By Donnie V. Rader
As a lack of respect for Bible Authority increases among brethren, we are being challenged by the plea for a “new hermeneutics” and a call for change within the church. We are being told that the church much change or else it will die and our children and grandchildren will leave it. The church, we are informed, must get modern to meet the needs of man in this generation. Evidence abounds that some churches are heeding the call for change. We hear of changes in its nature, structure and purpose. Indeed the “winds of change are blowing.” Other articles in this special issue define and examine the new hermeneutics. My assignment is to show the avenues through which the “doctrine of change” is being sounded.
The Nashville Jubilee
1. What is the Nashville Jubilee? It is a gathering of thousands (9,500 the first year) of members of the church for “Vacation Inspiration Celebration” (Nashville Jubilee advertisement, 1989). Their advertisement says they have exhibits, classes, lectures, family fun and activities, famous-name gospel groups and singing “with thousands.” The first year this three day jubilee “offered 35 workshops or study groups on diverse subjects, including evangelism, AIDS, Latin America, marriage and family, deaf ministry and prison ministry” (The Nashville Banner, July 26, 1989). The next year The Tennessean (June 23, 1990) carried an article that called the Jubilee a “national fair” for Christians “offering preaching, fellowship, singing, programs for young people and more than 200 booths for the display and sale of books, audio tapes and video tapes.”
2. Its beginning: The first Jubilee took place July 6-8, 1989 at the Nashville Convention Center. The Madison and Woodman Hills churches were the sponsors the first year. The Antioch church sponsored it the following year.
3. Featured speakers: Some of the names that have been connected with the Jubilee are Rubel Shelly, Landon Saunders, Marvin Phillips, Max Lucado, Mike Cope, Randy Mayeux, Steve Flatt, Lynn Anderson, and Prentice Meador. Those familiar with these names know the kind of liberal thought that would be presented by them.
4. The call being made at the Jubilee: The call for change in the church is being sounded by some of the participants at the Jubilee. Some examples: (a) Randy Mayeux made such statements as “The day is over when you will expect to stay church of Christ all your life. . . Does it really make a difference if a person is a millennial or premillennial?. . . Women need to be represented in leadership…I think we are losing them because our music is not today’s music…” (July 4, 1991). (b) Keynote speaker Mike Cope was reported as saying, that doctrinal differences should be put aside and we should behave like “porcupines in November.” He said that we “Sometimes don’t see eye to eye. We just have to accept each other. No matter what” (Los Angeles Times, July 15, 1989, as quoted in Contending For The Faith, August 1989, p. 1). (c) Marvin Phillips urged solo singing and special choruses in congregational services (Ibid., p. 3). (d) Roy McConnell (an elder of the Robertson County church) wrote a letter to the editor saying, “The Jubilee violated the role of women, 1 Timothy 2:1-12, by allowing men in classes taught by women and allowing a woman to, in effect, lead the assembly in song” (The Tennessean, July 23, 1990). (e) McConnell also reported Marvin Phillips as saying that it was scriptural to jump up, shout and clap in worship. He also stated that Landon Saunders said that environmental organizations were as necessary as the church (Contending for the Faith, August 1990).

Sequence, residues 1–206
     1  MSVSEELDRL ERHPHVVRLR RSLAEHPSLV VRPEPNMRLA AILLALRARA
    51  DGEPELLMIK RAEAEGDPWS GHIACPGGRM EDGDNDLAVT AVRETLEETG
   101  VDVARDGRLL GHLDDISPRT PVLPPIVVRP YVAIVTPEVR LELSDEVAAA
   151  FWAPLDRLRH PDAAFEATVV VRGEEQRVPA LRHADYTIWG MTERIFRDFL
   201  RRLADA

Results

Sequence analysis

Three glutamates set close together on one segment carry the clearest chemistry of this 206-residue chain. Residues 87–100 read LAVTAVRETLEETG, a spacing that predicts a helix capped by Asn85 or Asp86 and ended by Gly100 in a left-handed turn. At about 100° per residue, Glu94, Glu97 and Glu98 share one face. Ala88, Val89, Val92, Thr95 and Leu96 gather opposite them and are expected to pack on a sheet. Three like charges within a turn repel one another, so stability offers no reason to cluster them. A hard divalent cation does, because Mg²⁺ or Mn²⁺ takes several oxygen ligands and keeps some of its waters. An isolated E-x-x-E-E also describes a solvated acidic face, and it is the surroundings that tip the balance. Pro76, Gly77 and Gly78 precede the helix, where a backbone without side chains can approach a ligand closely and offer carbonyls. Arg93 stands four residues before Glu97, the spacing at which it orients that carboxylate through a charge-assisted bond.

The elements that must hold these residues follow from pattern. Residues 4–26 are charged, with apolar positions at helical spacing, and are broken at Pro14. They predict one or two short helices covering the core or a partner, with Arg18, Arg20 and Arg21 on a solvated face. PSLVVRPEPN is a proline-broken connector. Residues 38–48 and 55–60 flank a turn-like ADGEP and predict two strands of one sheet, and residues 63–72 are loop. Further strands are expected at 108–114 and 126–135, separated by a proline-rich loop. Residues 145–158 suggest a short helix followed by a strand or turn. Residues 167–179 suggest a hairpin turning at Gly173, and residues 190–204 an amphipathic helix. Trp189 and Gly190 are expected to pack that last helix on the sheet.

1. Image. This bi-monthly magazine began June 1985 under the editorship of Reuel Lemmons. Denny Boulting house is the present editor. The list of staff writers includes such names as Randy Mayeux, Jim McGuiggan, Landon Saunders, Rubel Shelly, Marvin Phillips, and Rick Atchley among others.
The purpose of Image magazine is well stated by staff writer Randy Mayeux. “This is an era of great change in Churches of Christ. With a solid, biblical heritage, it is now beginning a new chapter. Its history will be set and evaluated by the ideas shaping us as a movement. If you love his movement, you will seek to discern the ideas giving us rebirth. Read and listen, or you will be left behind. IMAGE is a key source of these ideas. I commend IMAGE to you as a loving chronicle of our heritage, a mirror of our present questioning and accomplishments, and a courageous shaper of our history” (Image, Vol. 5, No. 9, p. 30).